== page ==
2. “Why don’t you come over to my house for dinner.” Another key reflection involved her own leadership style. Sandy was successful in America by befriending her subordinates and creating safe, cozy interactive space in which to work. Often this included family outings with her reports or intimate dinners with her colleagues and their spouses. While working with Katsumi-san and Miko-san, Sandy decided to try and gain favor with her new reports by inviting them to her home for dinner with her family as a way of building bonds and trust. She felt it was a wonderful idea. She asked both Katsumi-san and Miko-san into her office and said “I want you both to come to my home to share dinner with me and my family. It will be fun!” Katsumi-san and Miki-san looked at Sandy with a blank stare and said nothing. Sandy pushed a bit, “What do you both think?” Both of them looked a bit shocked and politely declined stating “Perhaps we can go to the izakaya for a drink and a snack.” Subsequent interactions were more subdued and “all business” than before. Sandy realized she had created discomfort within two very valuable team members.
3. “I totally disagree with you.” With another direct report, Kato-san, Sandy had developed a good professional relationship. Sandy felt very comfortable with Kato-san and they interacted well in meetings with the broader team. After the first few months Kato-san became extremely quiet and almost sad looking in meetings. Sandy reached out to a colleague and asked if there was something amiss. The colleague reluctantly shared Kato-san’s feelings. In a meeting a few months before, Sandy had heard Kato-san describe a process he wanted to try. Sandy wanted to challenge the group to think a bit deeper so she smiled and said “Sato-san, I disagree with you,” as a way to show the team the effect of positive disagreement and deeper iteration of ideas. This backfired terribly and quietly. Kato-san, from a more hierarchy-driven business culture, felt that Sandy’s comments were detrimental to the team and quite embarrassing. Sato-san had quickly become reticent to share his ideas for fear he would be called out again. Sandy came to realize that the candor with which her own culture accepted disagreement as a way to find a better answer was instead taken as a disruption in harmony and indeed an inappropriate interaction in public.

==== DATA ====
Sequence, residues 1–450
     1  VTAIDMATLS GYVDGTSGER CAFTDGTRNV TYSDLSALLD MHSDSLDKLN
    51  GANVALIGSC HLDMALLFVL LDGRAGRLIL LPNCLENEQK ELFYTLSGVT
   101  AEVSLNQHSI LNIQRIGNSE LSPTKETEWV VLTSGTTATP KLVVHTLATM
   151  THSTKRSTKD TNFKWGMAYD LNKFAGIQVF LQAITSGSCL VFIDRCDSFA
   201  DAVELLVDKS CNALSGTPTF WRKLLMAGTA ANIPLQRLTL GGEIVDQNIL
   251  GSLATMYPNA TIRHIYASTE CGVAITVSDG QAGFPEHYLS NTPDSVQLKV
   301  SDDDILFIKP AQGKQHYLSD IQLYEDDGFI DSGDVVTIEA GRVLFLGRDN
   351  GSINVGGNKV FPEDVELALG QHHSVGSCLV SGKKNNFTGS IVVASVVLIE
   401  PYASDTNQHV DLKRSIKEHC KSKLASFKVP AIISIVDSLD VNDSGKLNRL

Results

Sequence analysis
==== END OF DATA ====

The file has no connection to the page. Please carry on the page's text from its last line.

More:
Sandy’s reflection was paying off. She found solace in the fact that these types of mistakes were experienced by expat leaders all over the world. She identified the gaps between her own intercultural norms and those of her colleagues. With self-awareness and a few minor tweaks to her communication and engagement style Sandy reaped the rewards of a higher-functioning team, greater alignment and more smiles.
Reaching out to get help is not a sign of failure…indeed, it is a sign of good self-awareness and a good plan. Reach out to us today at www.cranberryleadership.com for a free consult.